In recent times, it has acted, with the support of the government (if not overt pressure), to force changes in leading TV series, such as the police drama “Behzat C. Bir Ankara Polisiyesi” and the historical series “Muhtesem Yüzyil.” RTÜK also partners with the Communications High Council and the Telecommunications Authority in the allocation of frequencies to broadcasters.
In print, there is no such equivalent body, although there are a number of professional associations and self-regulating groups. These include the Turkish Press Council and the Turkish Journalists Association. In recent times, politicians have often used the courts as an avenue for pursuing complaints about articles in the press, thus indirectly regulating content.
The internet, meanwhile, is covered by the Telecommunications Communication Presidency (TIB), which has the power to block websites. It famously blocked youtube.com for many years, on that basis that it carried content insulting to the nation’s founder, Mustafa Kemal Atatürk. The TIB has also acted to block websites it judges pornographic.
PRESS FREEDOM: In recent years, there has been considerable criticism internationally and domestically concerning the number of journalists currently jailed in Turkey. Methods for calculating this number are disputed, with the Turkish Journalists Union claiming 94 in 2012, while as per a year-end 2012 report from the Committee to Protect Journalists there were 76 in jail for their work as journalists as of August 2012. The government and its supporters say that most, if not all, of those jailed are in prison for offences unrelated to journalism, including connections to terrorism and support for military takeovers. “Those who are jailed,” Kenes told OBG, “despite having journalist’s IDs, are not people accused and convicted of journalism. Being a journalist cannot allow you to commit crimes.” Yet others point out that many of the imprisoned are well known for their opposition to terrorism and/or military rule.
The issue, while disputed, has undoubtedly created an atmosphere of suspicion and self-censorship amongst media outlets opposed to the current government. It has also come at a time when in many other respects, formerly taboo political issues, such as the September 1980 coup, the role of the military and the Kurdish conflict, are discussed more openly in the media.
ADVERTISING: Given the circulation figures above, along with online data, GroupM numbers show that the average Turkish consumer currently watches TV for 3.1 hours a day, reads 0.4 copies of a newspaper, listens to one hour of radio, reads 0.03 monthlies per month, looks at the internet for 6.4 hours a month, reads 0.86 daily or weekly supplements. The average Turk also uses transport – where they can be exposed to outdoor advertising – 4.4 hours a week. Thus, the highest concentration of adex currently goes to TV, which, the GroupM data for 2011 suggests (the latest full year availability), received TL2.45bn (€1.06bn) in adex that year. Newspapers received TL950m (€410m), the internet (display) TL340m (€147m), out of home advertising received TL300m (€130m), radio TL120m (€52m), magazines TL90m (€39m), and cinema, TL50m (€22m).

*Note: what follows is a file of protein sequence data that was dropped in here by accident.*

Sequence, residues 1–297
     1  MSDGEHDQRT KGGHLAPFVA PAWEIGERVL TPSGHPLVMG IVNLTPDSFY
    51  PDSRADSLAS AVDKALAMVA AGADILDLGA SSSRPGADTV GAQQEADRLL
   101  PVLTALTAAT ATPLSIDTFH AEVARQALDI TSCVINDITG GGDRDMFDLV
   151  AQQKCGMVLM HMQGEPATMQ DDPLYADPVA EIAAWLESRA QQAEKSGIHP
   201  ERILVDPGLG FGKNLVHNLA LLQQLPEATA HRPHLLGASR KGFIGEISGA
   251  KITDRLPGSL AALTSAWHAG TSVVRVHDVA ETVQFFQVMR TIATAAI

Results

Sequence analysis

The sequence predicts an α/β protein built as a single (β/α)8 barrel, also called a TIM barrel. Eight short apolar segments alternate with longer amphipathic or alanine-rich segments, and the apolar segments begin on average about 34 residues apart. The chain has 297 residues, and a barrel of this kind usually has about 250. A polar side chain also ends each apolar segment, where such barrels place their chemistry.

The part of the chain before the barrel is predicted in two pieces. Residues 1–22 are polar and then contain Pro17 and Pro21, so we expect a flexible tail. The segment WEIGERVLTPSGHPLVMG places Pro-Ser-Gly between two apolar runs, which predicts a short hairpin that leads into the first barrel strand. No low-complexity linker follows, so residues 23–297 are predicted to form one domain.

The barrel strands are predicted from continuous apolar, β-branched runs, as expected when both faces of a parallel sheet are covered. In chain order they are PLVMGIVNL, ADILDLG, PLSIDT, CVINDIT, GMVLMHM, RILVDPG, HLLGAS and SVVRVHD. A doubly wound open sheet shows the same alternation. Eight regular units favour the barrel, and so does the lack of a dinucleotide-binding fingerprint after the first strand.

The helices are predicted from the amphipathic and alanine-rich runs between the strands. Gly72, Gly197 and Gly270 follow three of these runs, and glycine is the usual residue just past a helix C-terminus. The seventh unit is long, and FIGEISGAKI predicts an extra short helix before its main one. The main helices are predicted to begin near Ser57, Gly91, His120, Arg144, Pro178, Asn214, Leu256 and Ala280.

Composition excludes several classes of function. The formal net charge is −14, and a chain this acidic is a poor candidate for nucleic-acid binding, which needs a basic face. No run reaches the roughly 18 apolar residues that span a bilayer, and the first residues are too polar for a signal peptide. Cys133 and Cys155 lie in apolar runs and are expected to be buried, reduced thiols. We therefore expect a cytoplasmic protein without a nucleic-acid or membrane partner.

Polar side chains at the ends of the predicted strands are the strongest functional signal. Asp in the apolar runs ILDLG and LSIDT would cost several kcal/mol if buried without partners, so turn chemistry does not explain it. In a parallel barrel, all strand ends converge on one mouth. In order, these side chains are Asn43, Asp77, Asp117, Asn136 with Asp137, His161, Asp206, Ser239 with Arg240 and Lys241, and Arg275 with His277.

This totalled TL4.32bn (€1.87bn), which was up by 19.6% on 2010’s TL3.61bn (€1.56bn), with every platform showing a year-on-year increase. Taking inflation into account, this represented sector growth of some 6.6%, after growth of 8.9% in 2010. As a percentage of GDP, ad spend stood at 0.34% in 2011, up from 0.33% in 2010, while ad spend per capita was TL59.70 (€25.78), up from TL50.60 (€21.85).
For 2012, the annual growth figures are likely to be less spectacular. The absence of ratings for a large part of the year caused a decline in advertising for most, with the Turkish Advertising Association (RV) estimating around 18% of the market size was lost. At the same time, economic growth slowed, down from 8.5% in 2011 to 2.2% in 2012. Nonetheless the expectation amongst those interviewed was that growth would recover, particularly in TV.
In terms of sector spend, based on duration, the top areas are food and beverages, finance, cosmetics and personal care products, and telecoms, according to the RV. Four of the top 10 spenders in 2012 were international companies and the rest local.
In terms of agencies, the market is highly mature, with all networks exerting a presence, usually through partnerships with a local company. Digital marketing companies have also been expanding in recent times, with outfits such as 42?29!, Rabarba and C-Section amongst the top agencies. Turkey has been racing up the social media league as well in recent times, with some 30m registered Facebook users in 2012, and 40m consumers with 3G mobile access.
OUTLOOK: For 2013, there is widespread expectation that increased economic growth, along with the sector’s ability to move on from recent ratings issues, should result in solid expansion.
The long-term trend of declining print, alongside strong TV and increasing online platforms, is likely to continue, with further investment into online outfits likely. Angel investor networks and venture capital outfits such as Galata Business Angels have begun to exercise an influence in this online field.
In terms of the legislative and journalistic framework in which this takes place, there are perhaps stronger concerns, particularly over the degree to which the media has become politically polarised. The political affiliation of the major media operators continues to play an outsized role in the content of coverage and treatment of media outlets. Making sure that a robust range of political views is aired in the public sphere is vital for the long-term survival – and investment potential – of any media sector.